"We like to encourage [staff and faculty] to experiment and be creative," Gruenewald said. "That means some will disappear and new ones will emerge."

He said he expects Iowa State to field 85 or 86 learning communities this fall, the 17th fall of the program. Students in the 20 or so in which members live on the same residence hall floor sign up for a learning community at the time they commit to on-campus housing. Most sign up during June orientation when they meet with their academic advisers, although some learning communities add members through the first week of fall classes.

Staff have been preparing for them much longer. Annually, during a February-March time window, learning community coordinators apply for funding from a central pool. Awards typically range from $2,000 to $20,000. Gruenewald estimates that 60-65 percent of funds pay the salaries of peer mentors -- sophomores or juniors who are the workhorses of learning communities. They coordinate the frequent study groups and out-of-class field trips, whether co-curricular or social, and some help teach class sections.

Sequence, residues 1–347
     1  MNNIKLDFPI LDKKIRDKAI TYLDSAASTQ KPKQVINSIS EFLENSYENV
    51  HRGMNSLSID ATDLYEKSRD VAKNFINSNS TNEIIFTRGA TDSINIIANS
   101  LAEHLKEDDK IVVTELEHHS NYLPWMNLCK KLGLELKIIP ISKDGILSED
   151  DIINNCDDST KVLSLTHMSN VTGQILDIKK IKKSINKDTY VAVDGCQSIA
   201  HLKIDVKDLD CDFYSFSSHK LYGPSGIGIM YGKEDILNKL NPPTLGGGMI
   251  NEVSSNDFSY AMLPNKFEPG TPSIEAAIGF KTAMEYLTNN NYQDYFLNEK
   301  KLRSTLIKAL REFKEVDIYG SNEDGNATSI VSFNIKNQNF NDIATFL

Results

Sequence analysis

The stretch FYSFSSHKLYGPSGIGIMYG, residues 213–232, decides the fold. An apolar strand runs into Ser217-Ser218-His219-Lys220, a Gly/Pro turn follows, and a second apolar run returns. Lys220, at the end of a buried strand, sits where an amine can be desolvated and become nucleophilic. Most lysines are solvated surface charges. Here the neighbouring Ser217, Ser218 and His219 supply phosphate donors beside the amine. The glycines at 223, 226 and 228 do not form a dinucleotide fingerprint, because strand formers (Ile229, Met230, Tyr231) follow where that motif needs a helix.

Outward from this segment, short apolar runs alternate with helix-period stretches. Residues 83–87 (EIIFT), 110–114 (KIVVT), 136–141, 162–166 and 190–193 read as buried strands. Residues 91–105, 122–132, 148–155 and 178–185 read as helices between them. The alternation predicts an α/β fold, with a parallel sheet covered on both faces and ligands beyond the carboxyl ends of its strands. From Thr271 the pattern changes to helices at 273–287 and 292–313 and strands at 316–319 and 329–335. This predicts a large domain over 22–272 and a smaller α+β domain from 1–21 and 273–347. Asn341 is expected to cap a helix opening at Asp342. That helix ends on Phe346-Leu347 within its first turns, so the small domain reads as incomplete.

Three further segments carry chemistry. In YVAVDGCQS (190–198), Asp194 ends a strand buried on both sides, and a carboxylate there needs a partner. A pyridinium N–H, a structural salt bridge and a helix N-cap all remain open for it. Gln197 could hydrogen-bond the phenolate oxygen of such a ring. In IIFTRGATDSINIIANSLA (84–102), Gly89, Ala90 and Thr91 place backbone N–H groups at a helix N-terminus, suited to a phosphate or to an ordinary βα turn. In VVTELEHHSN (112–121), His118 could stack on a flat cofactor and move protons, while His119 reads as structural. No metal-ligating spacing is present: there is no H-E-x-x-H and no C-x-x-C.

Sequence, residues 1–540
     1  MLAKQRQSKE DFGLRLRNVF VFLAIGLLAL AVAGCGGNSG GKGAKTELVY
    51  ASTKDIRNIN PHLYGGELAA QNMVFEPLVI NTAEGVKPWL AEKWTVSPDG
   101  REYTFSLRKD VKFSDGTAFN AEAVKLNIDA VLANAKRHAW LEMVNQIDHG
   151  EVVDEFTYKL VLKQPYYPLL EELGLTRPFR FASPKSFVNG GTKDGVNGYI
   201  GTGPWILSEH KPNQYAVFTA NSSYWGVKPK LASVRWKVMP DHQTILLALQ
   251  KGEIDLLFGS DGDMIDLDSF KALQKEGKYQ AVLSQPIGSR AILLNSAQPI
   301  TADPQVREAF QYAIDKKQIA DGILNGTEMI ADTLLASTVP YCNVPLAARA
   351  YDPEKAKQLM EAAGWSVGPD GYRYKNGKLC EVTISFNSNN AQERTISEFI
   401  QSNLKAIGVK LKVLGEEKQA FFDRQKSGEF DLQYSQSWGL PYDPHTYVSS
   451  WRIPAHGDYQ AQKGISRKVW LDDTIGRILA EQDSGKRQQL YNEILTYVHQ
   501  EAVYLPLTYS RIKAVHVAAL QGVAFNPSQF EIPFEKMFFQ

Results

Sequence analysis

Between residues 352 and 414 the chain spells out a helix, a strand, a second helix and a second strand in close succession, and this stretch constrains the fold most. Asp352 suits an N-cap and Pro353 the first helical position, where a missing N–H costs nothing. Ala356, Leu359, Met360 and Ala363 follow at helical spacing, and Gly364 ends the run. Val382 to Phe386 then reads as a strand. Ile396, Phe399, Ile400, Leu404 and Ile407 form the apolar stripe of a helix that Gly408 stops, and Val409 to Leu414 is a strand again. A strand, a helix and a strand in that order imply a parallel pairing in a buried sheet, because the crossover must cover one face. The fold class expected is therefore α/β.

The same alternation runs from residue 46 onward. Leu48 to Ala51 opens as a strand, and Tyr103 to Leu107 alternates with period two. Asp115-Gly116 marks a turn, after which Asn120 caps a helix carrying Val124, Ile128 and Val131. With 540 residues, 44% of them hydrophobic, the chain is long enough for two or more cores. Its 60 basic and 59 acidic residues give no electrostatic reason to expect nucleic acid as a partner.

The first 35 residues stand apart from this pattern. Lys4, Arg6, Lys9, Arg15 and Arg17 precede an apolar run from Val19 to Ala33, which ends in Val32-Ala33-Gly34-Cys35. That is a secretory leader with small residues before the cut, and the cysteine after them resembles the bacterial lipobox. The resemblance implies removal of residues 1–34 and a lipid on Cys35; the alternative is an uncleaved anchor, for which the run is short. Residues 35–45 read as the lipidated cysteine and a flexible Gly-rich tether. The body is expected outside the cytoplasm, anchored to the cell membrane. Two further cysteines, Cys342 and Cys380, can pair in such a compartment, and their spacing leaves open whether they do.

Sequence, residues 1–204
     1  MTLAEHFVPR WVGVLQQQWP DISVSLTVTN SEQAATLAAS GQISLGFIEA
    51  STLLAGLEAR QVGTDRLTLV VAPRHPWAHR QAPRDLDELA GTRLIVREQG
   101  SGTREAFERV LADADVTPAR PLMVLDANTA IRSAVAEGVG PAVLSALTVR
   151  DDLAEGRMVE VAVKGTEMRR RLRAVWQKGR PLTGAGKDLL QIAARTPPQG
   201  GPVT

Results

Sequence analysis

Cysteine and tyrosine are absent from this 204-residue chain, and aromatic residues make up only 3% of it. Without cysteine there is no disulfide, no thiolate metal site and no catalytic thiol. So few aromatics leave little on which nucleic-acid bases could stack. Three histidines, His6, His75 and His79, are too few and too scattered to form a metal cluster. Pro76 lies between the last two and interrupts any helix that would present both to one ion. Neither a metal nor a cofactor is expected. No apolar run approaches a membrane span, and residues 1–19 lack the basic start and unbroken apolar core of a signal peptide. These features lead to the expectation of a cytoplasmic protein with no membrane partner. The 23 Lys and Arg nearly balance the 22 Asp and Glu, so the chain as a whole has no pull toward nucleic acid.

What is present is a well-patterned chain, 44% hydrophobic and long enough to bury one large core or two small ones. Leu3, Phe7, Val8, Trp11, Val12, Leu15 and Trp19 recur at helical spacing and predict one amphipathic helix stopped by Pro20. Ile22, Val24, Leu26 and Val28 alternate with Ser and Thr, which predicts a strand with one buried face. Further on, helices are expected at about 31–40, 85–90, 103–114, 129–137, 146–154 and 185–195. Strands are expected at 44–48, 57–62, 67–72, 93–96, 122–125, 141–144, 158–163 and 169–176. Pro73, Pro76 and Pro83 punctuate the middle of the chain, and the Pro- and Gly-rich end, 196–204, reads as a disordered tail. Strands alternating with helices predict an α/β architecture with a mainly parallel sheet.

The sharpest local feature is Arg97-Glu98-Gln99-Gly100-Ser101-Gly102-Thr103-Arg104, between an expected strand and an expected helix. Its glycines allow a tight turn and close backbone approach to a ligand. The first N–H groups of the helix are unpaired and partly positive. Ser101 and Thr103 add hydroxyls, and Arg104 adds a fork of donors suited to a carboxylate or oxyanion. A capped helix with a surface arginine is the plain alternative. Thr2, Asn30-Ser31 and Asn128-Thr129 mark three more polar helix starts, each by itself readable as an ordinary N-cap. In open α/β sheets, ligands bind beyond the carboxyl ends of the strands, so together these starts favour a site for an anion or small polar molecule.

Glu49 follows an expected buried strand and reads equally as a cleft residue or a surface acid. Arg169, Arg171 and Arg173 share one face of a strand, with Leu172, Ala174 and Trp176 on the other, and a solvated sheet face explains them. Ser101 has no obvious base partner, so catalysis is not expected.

"Every learning community has mentors," Gruenewald said. "They're an incredible resource for our students. But learning communities also provide valuable leadership training for the mentors."

Self assessment: strengths

U.S. News and World Report's 2011 "College Compass" includes Iowa State in the top 24 learning community programs among all U.S. colleges and universities. Gruenewald's co-director Steve Mickelson told those attending last week's annual Learning Communities Institute "we think we're in the top five."

Gruenewald quickly ticked off what he sees as strengths of Iowa State's program:

  • Lots of assessment, from the beginning. "We try to share and publish a lot of that."
  • Strong peer mentor component. There will be more than 300 peer mentors involved this fall; in most cases they're alumni of the learning community they serve.
  • A "true" academic affairs-student affairs partnership -- in funding, administration and policymaking. "Everyone is working together on a seamless experience for students."
  • Dedication of learning community coordinators.
  • Involvement and cooperation from the beginning in the registrar's office (necessary to place learning community members in the same class sections). "The attitude here has been, 'We can make this work' -- and that's not so at other schools."